Source: CNN

UK Prime Minister Rishi Sunak announced a snap general election for July 4 in a statement outside Downing Street on Wednesday evening, as his Conservative Party faces an uphill struggle to extend its 14 years in power.

Sunak said outside Downing Street that he had informed King Charles III of the rare summer poll, firing the starting gun on a six-week campaign that is almost universally expected to conclude in the demise of his Conservative government.

Soaked by a downpour as he spoke, Sunak said: “Now is the moment for Britain to choose its future.” He also attacked his opponents, saying that by voting for the Labour Party, Britain would “risk going back to square one.” But he admitted: “I cannot and will not claim that we have got everything right.”

Sunak was required to hold a vote by January 2025, and had long resisted calls to be specific about his plans. But a fall in inflation rates, announced earlier Wednesday, provided the backdrop for his announcement.

The move will be welcomed by the buoyant Labour Party, led by Keir Starmer, which is soaring in the opinion polls and has sought to present itself as a reformed and moderate group that is ready for power.

In the wake of the announcement, Buckingham Palace said the British royal family would postpone engagements “which may appear to divert attention or distract from the election campaign.” The King and Queen’s D-Day memorial engagements in June are expected to go ahead as scheduled.

In his speech, Sunak sought to paint external factors such as Covid-19 and the war in Ukraine as the context to Britain’s economic struggles, saying the two factors combined represented “the most challenging times since the Second World War.”

But he battled heavy rain that soaked his suit in just minutes, and he was almost drowned out by a loudspeaker outside the Downing Street gates, through which a protester blared D:Ream’s “Things Can Only Get Better,” the theme song of Labour’s big election win in 1997.

Starmer was quick to respond to Sunak’s announcement. Speaking at an indoor news conference, the opposition leader said: “Tonight the prime minister has finally announced the next general election.”

He framed the vote as a “chance to change for the better – your future, your community, your country.”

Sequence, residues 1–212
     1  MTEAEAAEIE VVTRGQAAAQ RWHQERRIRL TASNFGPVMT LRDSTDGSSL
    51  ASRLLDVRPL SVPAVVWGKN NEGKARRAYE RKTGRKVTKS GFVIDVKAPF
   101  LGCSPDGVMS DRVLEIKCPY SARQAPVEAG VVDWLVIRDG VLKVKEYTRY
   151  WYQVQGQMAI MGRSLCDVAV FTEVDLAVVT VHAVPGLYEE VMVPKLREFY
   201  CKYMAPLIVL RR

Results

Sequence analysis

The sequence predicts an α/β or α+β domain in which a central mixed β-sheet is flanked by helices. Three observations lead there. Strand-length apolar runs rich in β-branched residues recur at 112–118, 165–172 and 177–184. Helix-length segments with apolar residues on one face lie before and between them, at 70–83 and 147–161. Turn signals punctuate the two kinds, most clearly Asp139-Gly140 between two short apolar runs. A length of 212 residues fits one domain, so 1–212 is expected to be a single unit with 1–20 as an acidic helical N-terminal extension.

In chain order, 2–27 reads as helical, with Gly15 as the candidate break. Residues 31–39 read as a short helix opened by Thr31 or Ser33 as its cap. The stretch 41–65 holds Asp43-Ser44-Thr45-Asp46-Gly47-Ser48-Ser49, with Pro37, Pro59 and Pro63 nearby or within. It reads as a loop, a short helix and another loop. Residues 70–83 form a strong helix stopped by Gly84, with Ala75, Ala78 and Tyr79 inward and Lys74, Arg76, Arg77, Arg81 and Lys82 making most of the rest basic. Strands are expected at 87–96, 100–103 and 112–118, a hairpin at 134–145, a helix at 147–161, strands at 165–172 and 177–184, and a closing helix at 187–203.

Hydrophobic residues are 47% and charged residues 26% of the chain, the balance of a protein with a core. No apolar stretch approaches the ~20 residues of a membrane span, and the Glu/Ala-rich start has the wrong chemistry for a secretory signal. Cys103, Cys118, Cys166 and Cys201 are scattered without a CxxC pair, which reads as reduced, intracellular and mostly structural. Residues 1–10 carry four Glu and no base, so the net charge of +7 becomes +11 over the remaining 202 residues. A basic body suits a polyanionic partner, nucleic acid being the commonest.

“It will feel like a long campaign, I’m sure of that, but no matter what else is said and done, that opportunity for change is what this election is about,” he said.

Current polling is dire for Sunak; Labour begins the campaign around 20 points up on average, with the Tories often closer to third-party challengers such as Reform and the Liberal Democrats than they are to Labour.

When converted to a projection of seats in parliament, those figures indicate either a comfortable Labour win or a potential electoral wipeout for the Conservatives.

Sunak will hope that a shrewd campaign could result in a spectacular upset for Labour and extend a period of Tory rule which began in 2010 and has overseen austerity economics, Brexit, the Covid pandemic and a cost of living crisis.

He is the fifth Tory leader to serve during that time, taking over from the ill-fated Liz Truss, whose disastrous term imploded just six weeks after it began and exacerbated the financial woes crippling the United Kingdom.

Sunak’s party will likely put his efforts to tackle illegal migration at the center of his campaign; a recent move to deport some asylum seekers to Rwanda finally became law last month, and the first flights could potentially leave during the campaign.

But Labour will seek to highlight the government’s struggles to ease soaring prices, the state of Britain’s over-stretched healthcare service, and the sleaze scandals that have tanked the Tories’ reputation among a large swath of British voters.

Smaller parties could upend the designs of the two dominant groups, even if it is virtually impossible for them to return a government. The new, anti-migration Reform Party and the centrist Liberal Democrats will look to challenge Sunak in some of his party’s historical strongholds, complicating his efforts to hold power.

North of the border, the pro-independence Scottish National Party will hope to hold off a Labour challenge and regain its dominance in Scotland’s politics despite a rocky period and the recent ascension of its third leader in 15 months.

The Conservatives under former Prime Minister Boris Johnson won a healthy majority in the last UK-wide vote, in December 2019, pledging to push through Britain’s exit from the European Union – an issue that had transfixed politics in the country for more than three years.

But Johnson’s premiership collapsed after a string of scandals, paving the way for his then-finance minister Sunak to emerge as a frontrunner for the leadership.

Adding to the sense that the Conservatives are nearing the end of their time in power, dozens of Tory MPs — including former cabinet ministers and ex-Prime Minister Theresa May — announced they would not seek re-election.

But recent election and referendum campaigns have proved volatile, and Tories still publicly hopeful of success have pointed to mixed levels of enthusiasm for Labour’s offering.

The vote will take place on Thursday July 4 in all of the UK’s 650 parliamentary constituencies, and counting will occur overnight, with the two main parties seeking to cross the 326 mark needed for a majority.

A government will be formed as soon as that mark is crossed, and take charge immediately, pending the symbolic approval of King Charles III.

This story has been updated.

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